Clinical Orthopaedics and Related Research®

, Volume 467, Issue 6, pp 1458–1462

Functional Outcome of Femoral versus Obturator Nerve Block after Total Knee Arthroplasty

Authors

  • Stephane G. Bergeron
    • Division of Orthopaedic Surgery, Montreal General HospitalMcGill University Health Centre
  • Kenneth J. Kardash
    • Department of AnesthesiaSMBD-Jewish General Hospital
  • Olga L. Huk
    • Department of OrthopaedicsSMBD-Jewish General Hospital
  • David J. Zukor
    • Department of OrthopaedicsSMBD-Jewish General Hospital
    • Department of OrthopaedicsSMBD-Jewish General Hospital
Symposium: Advanced Techniques for Rehabilitation after Total Hip and Knee Arthroplasty

DOI: 10.1007/s11999-009-0732-y

Cite this article as:
Bergeron, S.G., Kardash, K.J., Huk, O.L. et al. Clin Orthop Relat Res (2009) 467: 1458. doi:10.1007/s11999-009-0732-y

Abstract

Patients undergoing total knee arthroplasty often experience substantial postoperative pain, which may delay functional recovery and hospital discharge. We recently reported the short-term analgesic efficacy of a single-injection femoral nerve block after spinal anesthesia in total knee arthroplasty. We have now followed 30 patients a minimum of 1 year to determine the functional outcome and pain relief after femoral and obturator nerve block after total knee arthroplasty. Patients undergoing primary unilateral total knee arthroplasty were randomized to one of three treatment groups: (1) femoral nerve block; (2) obturator nerve block; or (3) placebo (sham block). At 6 weeks and 1 year, all three groups had similar total Hospital for Special Surgery knee scores and similar subscores such as range of motion, daily function, and resting and dynamic pain. The data support the usefulness of a peripheral nerve blockade in the context of a multimodal analgesic regimen and a tailored rehabilitation program to individual patients and institutions.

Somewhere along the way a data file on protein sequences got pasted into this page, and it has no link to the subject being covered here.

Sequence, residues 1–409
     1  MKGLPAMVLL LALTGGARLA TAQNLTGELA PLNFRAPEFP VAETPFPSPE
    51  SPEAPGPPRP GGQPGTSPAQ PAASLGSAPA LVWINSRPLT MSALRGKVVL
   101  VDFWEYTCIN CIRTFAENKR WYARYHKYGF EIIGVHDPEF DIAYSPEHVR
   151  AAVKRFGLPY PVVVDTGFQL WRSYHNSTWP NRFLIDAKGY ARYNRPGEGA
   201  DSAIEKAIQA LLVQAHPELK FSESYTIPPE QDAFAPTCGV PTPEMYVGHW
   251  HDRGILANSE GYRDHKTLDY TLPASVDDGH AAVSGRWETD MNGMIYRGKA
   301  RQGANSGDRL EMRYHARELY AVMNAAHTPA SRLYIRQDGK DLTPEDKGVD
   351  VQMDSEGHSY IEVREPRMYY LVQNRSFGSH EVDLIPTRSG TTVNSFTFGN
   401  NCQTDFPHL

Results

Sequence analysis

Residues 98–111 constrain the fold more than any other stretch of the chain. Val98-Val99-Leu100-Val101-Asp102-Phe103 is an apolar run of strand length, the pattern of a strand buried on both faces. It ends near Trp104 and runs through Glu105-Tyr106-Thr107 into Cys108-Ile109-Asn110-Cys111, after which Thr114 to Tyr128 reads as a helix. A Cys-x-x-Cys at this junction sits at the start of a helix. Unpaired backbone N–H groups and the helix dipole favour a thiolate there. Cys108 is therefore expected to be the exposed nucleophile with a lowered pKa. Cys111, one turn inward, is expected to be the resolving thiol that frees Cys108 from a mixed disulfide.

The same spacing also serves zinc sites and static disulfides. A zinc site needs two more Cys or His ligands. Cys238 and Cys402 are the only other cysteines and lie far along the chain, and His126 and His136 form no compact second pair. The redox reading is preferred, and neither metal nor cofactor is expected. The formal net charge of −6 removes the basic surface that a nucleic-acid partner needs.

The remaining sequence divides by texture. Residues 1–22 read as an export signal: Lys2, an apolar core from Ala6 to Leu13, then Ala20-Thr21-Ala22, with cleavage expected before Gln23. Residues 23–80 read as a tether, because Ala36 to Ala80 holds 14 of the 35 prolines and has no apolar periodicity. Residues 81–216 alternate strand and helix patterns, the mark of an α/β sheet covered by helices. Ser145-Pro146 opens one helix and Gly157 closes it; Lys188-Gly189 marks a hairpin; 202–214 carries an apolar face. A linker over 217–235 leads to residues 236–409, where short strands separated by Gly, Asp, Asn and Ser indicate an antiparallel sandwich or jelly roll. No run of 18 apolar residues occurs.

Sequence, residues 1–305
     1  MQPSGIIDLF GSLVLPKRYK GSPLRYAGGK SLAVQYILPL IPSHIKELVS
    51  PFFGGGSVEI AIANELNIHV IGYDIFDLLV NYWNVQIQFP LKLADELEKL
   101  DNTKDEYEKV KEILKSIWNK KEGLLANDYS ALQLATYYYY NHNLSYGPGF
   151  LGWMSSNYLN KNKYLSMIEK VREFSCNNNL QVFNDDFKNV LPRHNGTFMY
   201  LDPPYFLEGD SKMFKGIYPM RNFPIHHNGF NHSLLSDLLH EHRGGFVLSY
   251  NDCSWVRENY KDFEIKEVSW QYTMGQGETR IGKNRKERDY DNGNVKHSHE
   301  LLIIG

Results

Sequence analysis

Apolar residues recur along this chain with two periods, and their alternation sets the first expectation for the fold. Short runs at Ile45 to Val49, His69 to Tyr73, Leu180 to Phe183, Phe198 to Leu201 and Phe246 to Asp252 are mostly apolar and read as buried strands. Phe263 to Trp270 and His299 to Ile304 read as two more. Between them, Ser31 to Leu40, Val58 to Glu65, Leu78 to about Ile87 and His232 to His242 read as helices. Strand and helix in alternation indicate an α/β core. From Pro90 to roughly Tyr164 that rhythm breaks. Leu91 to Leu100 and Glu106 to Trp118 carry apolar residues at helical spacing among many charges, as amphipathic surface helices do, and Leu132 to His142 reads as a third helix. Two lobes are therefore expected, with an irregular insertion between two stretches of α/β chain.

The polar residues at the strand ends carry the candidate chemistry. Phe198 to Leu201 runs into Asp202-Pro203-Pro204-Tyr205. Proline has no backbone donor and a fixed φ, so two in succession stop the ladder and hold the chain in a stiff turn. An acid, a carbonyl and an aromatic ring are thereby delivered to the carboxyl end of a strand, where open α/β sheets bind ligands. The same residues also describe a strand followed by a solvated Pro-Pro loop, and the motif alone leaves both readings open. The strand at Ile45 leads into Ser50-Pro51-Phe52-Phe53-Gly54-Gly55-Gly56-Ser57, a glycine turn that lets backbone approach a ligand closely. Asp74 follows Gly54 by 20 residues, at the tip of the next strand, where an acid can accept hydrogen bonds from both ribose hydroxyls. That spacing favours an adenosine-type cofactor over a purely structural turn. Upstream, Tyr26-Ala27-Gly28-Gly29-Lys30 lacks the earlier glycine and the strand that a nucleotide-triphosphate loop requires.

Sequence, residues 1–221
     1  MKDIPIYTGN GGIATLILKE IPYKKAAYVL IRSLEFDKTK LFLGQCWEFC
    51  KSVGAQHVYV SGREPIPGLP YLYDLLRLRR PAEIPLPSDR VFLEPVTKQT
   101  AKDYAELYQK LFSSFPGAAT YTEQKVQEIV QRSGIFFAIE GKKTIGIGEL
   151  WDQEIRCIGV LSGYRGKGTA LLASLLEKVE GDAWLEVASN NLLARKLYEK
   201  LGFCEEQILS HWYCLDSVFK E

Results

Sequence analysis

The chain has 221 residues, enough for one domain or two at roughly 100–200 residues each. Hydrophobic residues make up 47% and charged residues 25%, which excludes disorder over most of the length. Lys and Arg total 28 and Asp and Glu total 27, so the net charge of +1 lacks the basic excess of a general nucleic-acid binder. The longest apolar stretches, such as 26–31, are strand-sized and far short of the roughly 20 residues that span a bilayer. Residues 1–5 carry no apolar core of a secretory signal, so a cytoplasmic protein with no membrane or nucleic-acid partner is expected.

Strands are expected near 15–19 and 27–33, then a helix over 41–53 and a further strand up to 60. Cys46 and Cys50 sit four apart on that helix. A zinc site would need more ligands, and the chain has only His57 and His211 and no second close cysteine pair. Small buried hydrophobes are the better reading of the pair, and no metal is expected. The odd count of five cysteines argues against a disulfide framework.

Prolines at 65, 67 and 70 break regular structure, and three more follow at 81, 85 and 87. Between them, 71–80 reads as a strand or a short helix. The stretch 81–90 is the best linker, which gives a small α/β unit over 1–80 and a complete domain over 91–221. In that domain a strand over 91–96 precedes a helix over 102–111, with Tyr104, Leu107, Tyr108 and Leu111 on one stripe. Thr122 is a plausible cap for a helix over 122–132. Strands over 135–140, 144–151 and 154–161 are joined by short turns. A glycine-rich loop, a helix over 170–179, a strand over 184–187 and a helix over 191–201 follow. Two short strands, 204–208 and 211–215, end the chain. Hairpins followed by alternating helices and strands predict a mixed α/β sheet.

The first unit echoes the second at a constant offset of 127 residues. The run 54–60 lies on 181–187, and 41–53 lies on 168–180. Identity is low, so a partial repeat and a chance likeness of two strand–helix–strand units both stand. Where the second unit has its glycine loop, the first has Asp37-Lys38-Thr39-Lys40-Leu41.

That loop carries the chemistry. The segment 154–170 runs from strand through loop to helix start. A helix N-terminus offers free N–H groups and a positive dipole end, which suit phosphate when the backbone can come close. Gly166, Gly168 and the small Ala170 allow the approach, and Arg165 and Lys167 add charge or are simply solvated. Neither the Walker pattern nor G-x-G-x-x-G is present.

Level of Evidence: Level III, therapeutic study. See the Guidelines for Authors for a complete description of levels of evidence.

Copyright information

© The Association of Bone and Joint Surgeons 2009